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A Grand Jury Delivers Justice

Texas officials who oppose abortion wanted a grand jury investigation of charges that Planned Parenthood officials illegally sold fetal tissues obtained from abortions.

When the grand jury returned its indictments this week, it was a classic example of the adage “Be careful what you wish for.”

Rather than indict Planned Parenthood or any of its employees, the Houston panel indicted two anti-abortion activists who posed as medical researchers to try to trap the organization. The grand jury cleared Planned Parenthood of any wrongdoing related to the incident. The activists with the Center for Medical Progress were indicted for tampering with a governmental record, a felony, and a misdemeanor charge related to an attempt to purchase human organs.

David Daleiden, the Center for Medical Progress’ founder, and Sandra Merritt were involved in creating covert videos last year that set off nationwide controversy and investigations in multiple states, including Texas. Planned Parenthood has said these videos, which purported to show the organization’s employees approaching the sale of fetal tissue in a cavalier manner, were highly edited and misleading. A private research company supported the organization’s argument in an analysis released last summer. Yet the Center for Medical Progress maintained that the videos were still evidence of a “criminal conspiracy” reaching “to the very highest levels of [Planned Parenthood’s] organization,” as Daleiden claimed in a statement at the time.

Despite this rhetoric, nothing emerged to substantiate the claim that Planned Parenthood profited from the sale of fetal tissue. Two Planned Parenthood branches in the U.S. currently participate in tissue donation programs, the organization has said, and Planned Parenthood Gulf Coast acknowledged that it donated fetal tissue in 2010 but said that it made no profit from the donation. In the videos, when discussing such a potential arrangement with individuals claiming to be medical researchers, members of the organization simply discussed reimbursement for the expenses involved in such a transfer. Such an arrangement is legal.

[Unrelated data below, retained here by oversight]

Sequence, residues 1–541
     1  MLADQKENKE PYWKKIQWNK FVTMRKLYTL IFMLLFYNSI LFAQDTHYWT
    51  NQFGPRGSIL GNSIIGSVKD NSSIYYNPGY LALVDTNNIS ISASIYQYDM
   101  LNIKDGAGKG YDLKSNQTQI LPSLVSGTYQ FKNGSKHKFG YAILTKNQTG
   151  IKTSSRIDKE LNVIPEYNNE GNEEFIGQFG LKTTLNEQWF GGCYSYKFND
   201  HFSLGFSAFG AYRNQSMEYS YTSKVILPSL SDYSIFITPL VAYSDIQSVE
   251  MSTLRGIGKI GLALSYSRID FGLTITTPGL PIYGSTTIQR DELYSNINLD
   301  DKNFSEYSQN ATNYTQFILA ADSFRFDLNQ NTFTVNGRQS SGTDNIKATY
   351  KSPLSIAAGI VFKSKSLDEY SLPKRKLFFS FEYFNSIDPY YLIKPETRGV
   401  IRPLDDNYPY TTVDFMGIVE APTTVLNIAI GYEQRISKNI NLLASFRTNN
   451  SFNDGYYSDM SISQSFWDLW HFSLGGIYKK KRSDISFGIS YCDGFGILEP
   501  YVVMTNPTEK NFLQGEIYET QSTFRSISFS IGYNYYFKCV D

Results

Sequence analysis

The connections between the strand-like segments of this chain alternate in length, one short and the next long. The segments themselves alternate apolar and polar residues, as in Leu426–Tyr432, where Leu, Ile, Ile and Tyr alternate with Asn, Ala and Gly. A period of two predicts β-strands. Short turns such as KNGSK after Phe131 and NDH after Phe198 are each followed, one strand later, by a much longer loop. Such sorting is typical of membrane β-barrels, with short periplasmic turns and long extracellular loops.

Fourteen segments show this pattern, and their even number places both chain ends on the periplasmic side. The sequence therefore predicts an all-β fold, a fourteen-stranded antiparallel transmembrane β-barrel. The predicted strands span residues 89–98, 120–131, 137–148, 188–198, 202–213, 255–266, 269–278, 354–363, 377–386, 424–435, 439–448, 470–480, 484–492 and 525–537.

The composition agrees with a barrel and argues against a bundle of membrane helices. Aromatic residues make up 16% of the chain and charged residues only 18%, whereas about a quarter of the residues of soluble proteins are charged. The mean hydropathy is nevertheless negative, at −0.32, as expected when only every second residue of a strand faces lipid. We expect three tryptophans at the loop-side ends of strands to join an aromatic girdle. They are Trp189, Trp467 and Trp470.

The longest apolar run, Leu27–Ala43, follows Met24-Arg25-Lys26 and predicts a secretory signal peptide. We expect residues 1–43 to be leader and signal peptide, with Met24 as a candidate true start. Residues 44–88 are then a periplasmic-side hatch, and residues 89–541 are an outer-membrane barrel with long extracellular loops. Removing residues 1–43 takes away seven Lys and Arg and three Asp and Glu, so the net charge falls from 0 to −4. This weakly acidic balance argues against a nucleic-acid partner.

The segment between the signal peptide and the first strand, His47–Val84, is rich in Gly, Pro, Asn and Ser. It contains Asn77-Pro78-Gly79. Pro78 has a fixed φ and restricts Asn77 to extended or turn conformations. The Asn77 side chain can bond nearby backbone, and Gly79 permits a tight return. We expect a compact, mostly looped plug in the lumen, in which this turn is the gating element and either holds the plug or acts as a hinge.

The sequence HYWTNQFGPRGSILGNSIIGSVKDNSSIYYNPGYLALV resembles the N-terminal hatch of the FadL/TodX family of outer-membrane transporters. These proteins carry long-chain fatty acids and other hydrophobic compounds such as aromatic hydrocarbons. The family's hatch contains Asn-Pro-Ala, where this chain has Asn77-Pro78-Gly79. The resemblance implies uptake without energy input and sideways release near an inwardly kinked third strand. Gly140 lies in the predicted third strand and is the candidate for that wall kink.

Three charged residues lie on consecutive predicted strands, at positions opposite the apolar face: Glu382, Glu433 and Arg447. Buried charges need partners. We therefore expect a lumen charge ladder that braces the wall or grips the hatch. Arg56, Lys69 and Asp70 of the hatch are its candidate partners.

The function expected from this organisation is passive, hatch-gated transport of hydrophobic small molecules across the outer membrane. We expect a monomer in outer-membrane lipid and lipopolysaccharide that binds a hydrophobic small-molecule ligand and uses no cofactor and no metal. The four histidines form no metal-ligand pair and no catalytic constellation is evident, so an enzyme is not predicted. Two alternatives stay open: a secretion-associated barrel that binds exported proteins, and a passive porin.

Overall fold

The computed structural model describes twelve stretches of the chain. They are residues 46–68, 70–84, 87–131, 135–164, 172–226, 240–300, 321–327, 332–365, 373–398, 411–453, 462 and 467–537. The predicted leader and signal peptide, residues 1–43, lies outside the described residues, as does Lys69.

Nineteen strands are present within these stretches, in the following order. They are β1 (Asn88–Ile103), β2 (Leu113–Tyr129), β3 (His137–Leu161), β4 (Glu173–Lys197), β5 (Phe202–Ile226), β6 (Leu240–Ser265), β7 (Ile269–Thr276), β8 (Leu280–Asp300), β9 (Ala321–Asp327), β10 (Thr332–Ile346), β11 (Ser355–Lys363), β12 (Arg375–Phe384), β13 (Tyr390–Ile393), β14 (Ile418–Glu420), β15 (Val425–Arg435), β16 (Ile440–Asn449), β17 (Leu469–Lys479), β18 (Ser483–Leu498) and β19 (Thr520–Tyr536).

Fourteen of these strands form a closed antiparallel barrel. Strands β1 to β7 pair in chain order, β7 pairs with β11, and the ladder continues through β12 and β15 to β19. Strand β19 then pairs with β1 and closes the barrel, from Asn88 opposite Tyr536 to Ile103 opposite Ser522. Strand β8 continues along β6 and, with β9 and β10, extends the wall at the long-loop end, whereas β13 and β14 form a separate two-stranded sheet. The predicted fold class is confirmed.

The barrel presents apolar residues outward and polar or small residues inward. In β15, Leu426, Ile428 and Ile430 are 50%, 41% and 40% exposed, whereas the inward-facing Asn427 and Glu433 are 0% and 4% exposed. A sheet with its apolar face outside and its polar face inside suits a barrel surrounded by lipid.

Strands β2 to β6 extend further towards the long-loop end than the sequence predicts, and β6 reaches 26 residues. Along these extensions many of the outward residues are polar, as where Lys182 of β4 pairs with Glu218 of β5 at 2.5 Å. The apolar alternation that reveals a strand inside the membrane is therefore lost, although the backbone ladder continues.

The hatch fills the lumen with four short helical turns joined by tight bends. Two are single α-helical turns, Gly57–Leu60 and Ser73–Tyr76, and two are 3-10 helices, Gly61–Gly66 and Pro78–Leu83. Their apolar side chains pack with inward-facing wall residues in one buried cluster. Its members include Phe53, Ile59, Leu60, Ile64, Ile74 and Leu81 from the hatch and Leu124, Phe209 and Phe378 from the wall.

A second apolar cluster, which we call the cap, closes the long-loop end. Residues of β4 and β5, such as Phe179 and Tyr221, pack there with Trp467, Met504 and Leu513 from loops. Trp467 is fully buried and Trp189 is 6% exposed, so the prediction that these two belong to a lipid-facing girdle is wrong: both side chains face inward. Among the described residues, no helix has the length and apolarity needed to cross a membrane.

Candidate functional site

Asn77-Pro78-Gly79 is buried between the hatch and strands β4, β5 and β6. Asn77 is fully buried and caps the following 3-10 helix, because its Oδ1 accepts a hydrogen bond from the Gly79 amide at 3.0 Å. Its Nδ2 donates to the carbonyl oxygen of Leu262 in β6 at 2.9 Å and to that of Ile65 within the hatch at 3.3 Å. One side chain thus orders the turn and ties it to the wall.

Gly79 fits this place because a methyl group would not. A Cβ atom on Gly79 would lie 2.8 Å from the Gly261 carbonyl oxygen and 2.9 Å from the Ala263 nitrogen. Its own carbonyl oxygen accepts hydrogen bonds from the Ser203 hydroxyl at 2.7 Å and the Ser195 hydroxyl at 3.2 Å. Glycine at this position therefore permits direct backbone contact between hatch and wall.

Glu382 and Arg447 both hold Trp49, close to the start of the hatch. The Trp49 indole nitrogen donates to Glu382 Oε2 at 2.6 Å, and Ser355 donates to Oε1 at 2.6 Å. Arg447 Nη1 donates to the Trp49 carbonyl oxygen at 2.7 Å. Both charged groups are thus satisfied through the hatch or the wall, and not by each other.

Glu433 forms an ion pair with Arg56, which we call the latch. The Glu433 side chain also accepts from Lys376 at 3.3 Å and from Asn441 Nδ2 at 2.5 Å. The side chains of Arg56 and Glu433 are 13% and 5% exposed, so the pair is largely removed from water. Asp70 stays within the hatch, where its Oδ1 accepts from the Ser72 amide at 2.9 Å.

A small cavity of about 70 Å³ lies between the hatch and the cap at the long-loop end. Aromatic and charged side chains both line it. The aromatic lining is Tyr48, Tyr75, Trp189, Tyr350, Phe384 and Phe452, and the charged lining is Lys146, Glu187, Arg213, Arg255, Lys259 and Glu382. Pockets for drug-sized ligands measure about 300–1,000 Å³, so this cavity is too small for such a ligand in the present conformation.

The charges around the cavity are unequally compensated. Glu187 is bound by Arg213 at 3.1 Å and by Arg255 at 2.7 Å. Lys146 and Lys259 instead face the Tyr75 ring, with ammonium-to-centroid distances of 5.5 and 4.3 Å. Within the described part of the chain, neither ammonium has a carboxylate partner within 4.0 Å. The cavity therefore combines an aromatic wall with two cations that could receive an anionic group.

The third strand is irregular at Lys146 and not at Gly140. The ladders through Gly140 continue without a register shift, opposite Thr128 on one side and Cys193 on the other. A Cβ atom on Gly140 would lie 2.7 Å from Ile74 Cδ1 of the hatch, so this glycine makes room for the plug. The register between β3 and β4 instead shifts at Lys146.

Left out of the discussion almost entirely is the important role that fetal tissue can - and does - play in medical research. Robin Abcarian, writing for the Los Angeles Times, reminded readers that “Without fetal cells, we probably wouldn’t have vaccines for German measles, chicken pox and polio.” Such tissue is also crucial in ongoing research for some of our most fearsome diseases, including Alzheimer’s, Parkinson’s and AIDS.

While it is fair to acknowledge the sensitivity of abortion opponents who equate the practice to murder and believe any use of the results is morally wrong, abortion remains legal. The use of the resulting tissues in research could end up saving many other lives. A truly pro-life movement ought to consider that outcome when choosing how to direct its criticism.

Meanwhile, the grand jury’s response to the investigation of Planned Parenthood Gulf Coast, along with the manner in which Harris County prosecutors handled the investigation, serve as a proud moment for the grand jury system in particular and the justice system in general. Rather than levy charges against the original targets, as those calling for the investigation had presumably intended, prosecutors made good on their pledge to follow the evidence wherever it led.

Other Texas officials (notably the state’s lieutenant governor, Dan Patrick, who was the first to call for the Harris County district attorney to investigate) have already downplayed the grand jury’s findings in their ongoing attacks on Planned Parenthood. Gov. Greg Abbott, who also called for investigations early on, has said that the grand jury’s decision will not stop the state-level investigation into Planned Parenthood, and his position was supported by equally emotion-driven rhetoric from the state’s attorney general, Ken Paxton.

These officials, like the activists who targeted the organization in the first place, have a right to their views and to their continuing efforts to achieve their ends through proper legislative or judicial processes. I do not endorse their goals, but I respect their right to use democratic methods to achieve them. But those methods are constrained by the laws that put fraud, counterfeiting and other abuses outside the bounds of legitimate political activity.

The so-called investigation of Planned Parenthood was obviously a setup. This grand jury did well to call out the perpetrators, as well as to find a law-abiding organization blameless. Regardless of how the charges are ultimately resolved, that’s justice.

Larry M. Elkin is the founder and president of Palisades Hudson, and is based out of Palisades Hudson’s Fort Lauderdale, Florida headquarters. He wrote several of the chapters in the firm’s recently updated book, Looking Ahead: Life, Family, Wealth and Business After 55. His contributions include Chapter 1, “Looking Ahead When Youth Is Behind Us,” and Chapter 4, “The Family Business.” Larry was also among the authors of the firm’s book The High Achiever’s Guide To Wealth.

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